Summer Scholar Research
The Burton D. Morgan Program for Liberal Arts and Entrepreneurship Education brings innovation and entrepreneurship to the fore in one of Denison’s most valued programs, the Summer Scholar Program. Each summer several faculty/student pairs will be selected to conduct innovation-related research.
Application Guidelines [pdf]
Summer Scholars — Summer 2010
Ruiya Huang `12 and Dr. Robin Bartlett: Department of Economics
Offshore Outsourcing: Its Development, Current Status and the Exploration of Its Future Potentials in Chinese Firms Being Outsourcing Partners
Outsourcing has become a very popular business conception in the recent years. In the literature concerning outsourcing, there exist different approaches of defining outsourcing and there exist different attitudes towards outsourcing. The positive and negative effects that outsourcing has on employment, productivity and intellectual property rights are much debated. Outsourcing is a frequently chosen business solution. The micro-analysis of outsourcing for a firm has crucial meanings on whether a firm should outsource any of its business or not and on how to improve its outsourcing performance. With the goal of studying outsourcing and exploring entrepreneurship possibilities in outsourcing, in this research I studied the definition, the history, the debate of outsourcing, the micro-analysis method to analyze and evaluate outsourcing, the process and management of outsourcing, and the case study of the software industry in China, the general investment environment in China. This paper also provides an entrepreneurial exploration, giving a business idea on a b2b e-marketplace platform that is based on the research of outsourcing and the Chinese software industry.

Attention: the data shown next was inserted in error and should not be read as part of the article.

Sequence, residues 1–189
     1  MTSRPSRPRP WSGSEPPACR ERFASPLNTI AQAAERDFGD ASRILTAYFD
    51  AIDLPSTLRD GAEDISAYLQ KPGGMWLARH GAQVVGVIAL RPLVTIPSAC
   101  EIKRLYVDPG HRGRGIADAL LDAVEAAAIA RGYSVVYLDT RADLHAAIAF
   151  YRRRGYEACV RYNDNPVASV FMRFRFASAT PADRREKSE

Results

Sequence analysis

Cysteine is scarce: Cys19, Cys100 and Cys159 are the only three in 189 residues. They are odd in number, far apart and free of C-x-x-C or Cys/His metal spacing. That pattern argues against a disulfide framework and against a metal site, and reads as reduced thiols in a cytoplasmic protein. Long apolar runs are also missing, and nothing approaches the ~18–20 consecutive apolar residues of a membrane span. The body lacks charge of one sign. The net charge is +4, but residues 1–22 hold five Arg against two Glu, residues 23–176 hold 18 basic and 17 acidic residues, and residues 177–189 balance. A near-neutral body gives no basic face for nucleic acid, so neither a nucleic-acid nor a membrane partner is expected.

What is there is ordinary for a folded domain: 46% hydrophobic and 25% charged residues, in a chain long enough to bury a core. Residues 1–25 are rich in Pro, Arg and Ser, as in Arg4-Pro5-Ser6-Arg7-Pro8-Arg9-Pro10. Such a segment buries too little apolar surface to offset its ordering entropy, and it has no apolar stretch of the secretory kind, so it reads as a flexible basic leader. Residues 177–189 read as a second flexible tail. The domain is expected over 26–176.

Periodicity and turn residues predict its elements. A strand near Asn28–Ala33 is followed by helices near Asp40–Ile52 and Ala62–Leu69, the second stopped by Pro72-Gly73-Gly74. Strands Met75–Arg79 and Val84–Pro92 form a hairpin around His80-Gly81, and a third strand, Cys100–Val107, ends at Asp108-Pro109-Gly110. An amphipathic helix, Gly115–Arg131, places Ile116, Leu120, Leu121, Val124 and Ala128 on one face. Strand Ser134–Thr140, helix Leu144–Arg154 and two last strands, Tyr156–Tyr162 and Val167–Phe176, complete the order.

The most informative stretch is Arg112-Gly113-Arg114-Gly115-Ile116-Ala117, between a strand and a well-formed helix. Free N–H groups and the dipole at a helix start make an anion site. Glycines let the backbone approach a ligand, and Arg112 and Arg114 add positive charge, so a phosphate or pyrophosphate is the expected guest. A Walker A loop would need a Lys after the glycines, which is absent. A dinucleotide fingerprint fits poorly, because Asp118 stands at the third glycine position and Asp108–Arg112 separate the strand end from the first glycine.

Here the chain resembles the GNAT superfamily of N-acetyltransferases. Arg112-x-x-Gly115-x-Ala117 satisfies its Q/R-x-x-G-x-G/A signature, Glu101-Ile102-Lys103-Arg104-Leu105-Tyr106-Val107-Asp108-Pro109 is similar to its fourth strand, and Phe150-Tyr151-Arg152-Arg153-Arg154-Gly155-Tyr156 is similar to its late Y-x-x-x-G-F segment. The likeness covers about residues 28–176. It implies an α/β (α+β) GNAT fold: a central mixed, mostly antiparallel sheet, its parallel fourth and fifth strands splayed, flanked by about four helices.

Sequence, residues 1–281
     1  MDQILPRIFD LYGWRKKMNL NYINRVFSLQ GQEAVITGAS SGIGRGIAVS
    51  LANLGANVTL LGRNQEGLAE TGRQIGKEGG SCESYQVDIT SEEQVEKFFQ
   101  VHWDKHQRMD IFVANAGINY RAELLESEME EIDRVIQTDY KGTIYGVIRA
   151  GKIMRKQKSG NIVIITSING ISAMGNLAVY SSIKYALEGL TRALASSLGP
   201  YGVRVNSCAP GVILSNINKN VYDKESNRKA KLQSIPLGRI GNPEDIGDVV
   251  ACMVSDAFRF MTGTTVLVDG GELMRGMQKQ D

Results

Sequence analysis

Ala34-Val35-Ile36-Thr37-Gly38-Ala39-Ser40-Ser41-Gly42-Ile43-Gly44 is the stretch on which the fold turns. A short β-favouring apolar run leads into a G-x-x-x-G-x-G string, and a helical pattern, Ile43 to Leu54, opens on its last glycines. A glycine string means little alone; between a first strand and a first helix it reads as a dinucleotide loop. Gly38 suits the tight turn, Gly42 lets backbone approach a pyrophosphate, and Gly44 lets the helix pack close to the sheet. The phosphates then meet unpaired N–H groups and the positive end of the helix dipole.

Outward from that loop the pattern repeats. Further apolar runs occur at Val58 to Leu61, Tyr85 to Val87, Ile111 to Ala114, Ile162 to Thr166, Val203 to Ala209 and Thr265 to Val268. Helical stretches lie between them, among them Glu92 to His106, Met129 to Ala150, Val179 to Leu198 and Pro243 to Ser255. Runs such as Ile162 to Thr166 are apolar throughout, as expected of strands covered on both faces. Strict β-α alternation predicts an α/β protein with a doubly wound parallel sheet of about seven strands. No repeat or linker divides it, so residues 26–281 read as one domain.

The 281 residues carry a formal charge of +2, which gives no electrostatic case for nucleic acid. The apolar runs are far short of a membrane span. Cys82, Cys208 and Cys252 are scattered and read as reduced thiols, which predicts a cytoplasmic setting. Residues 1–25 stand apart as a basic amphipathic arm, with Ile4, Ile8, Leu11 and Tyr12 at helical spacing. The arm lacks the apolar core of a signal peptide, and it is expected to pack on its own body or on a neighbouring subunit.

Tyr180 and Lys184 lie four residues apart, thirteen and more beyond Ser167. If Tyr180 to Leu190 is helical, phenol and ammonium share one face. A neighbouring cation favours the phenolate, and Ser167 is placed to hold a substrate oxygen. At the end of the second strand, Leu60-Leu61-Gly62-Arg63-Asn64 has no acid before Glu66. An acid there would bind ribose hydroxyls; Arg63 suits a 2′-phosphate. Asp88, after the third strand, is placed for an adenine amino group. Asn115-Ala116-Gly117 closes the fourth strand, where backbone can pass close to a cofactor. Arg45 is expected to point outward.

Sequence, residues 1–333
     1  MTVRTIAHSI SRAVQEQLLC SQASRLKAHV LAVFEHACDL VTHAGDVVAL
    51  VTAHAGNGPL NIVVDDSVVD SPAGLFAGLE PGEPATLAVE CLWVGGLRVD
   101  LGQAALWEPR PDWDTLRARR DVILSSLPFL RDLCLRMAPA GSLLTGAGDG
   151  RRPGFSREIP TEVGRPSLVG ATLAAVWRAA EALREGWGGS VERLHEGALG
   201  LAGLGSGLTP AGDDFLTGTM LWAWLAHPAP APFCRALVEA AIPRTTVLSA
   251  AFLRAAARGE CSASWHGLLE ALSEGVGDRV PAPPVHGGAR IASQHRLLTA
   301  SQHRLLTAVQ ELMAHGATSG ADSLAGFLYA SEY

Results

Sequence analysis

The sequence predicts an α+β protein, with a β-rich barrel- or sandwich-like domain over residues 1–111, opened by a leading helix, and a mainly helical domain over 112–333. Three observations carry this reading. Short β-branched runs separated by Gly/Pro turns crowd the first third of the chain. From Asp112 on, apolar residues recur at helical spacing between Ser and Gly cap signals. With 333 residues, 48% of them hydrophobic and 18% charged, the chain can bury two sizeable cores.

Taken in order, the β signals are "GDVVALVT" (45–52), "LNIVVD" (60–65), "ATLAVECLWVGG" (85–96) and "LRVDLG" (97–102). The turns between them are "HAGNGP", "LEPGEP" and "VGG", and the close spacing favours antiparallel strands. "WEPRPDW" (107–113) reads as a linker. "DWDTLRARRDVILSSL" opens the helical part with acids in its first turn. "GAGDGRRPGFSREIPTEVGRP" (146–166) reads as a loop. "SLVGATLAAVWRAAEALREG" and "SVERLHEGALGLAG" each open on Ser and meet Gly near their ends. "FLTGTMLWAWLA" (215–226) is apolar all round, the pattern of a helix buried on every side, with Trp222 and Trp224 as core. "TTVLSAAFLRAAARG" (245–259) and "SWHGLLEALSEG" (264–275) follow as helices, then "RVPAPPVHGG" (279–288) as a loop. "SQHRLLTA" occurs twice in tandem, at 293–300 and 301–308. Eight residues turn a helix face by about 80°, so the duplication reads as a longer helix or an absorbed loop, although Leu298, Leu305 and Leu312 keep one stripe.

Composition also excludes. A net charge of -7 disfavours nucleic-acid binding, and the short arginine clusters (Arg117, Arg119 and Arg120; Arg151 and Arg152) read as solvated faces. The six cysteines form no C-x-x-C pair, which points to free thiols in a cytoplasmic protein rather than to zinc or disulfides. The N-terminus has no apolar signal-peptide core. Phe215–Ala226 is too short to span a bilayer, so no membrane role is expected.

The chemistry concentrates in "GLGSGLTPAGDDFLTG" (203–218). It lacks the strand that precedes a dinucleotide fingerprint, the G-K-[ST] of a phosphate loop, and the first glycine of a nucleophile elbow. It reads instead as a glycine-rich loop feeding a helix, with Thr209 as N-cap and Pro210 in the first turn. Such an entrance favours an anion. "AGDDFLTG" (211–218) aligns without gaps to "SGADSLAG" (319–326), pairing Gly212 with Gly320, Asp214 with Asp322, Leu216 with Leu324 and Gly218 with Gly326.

Erik Singh `11 and Dr. Anita Waters: Department of Sociology/Anthropology
Outlining Entrepreneurship for Refugees: Possibilities for Somali Business Ownership in Columbus, Ohio
This paper is a work of exploratory research on the nature of entrepreneurship among the Somali immigrant and refugee population in Columbus, OH that includes business strategies and suggests for more success among Somali entrepreneurs. This research relies upon the literature from entrepreneurship studies in entrepreneurship scholarship, ethnic entrepreneurship literature in sociological scholarship, and interviews conducted from Somali entrepreneurs in Columbus to formulate business strategies and suggestions for successful entrepreneurial venturing within “ethnic enclaves”—areas of immigrant concentration where market activity takes place primarily between ethnics in a highly developed economy. The entrepreneurial strategies outlined here are stated in order to better facilitate the economic, and therefore. societal integration of Somali refugees into Columbus.
Innovation Summer Scholars — Summer 2009
Brooke Esarey`11 and Dr. Joe Reczek: Department of Chemistry and Biochemistry
Synthesis and testing of electron-rich aromatic molecules for a low cost solar cell: An innovative approach to the materials chemistry of solar cells
The goal is to creatively enhance an important technology, Dye-Sensitized Solar Cells, with the long-term goal of bringing it to be useful and marketable product. Though this is a heavily chemistry-based undertaking, the objectives of this project encompass a broader impact on the environment through innovation and entrepreneurship. The outcome of this research aims at an imaginative new approach to provide new solar cells that could impact a worldwide audience. We hope to break established paradigm of dye-monolayers in DSSCs by using novel DACLCS.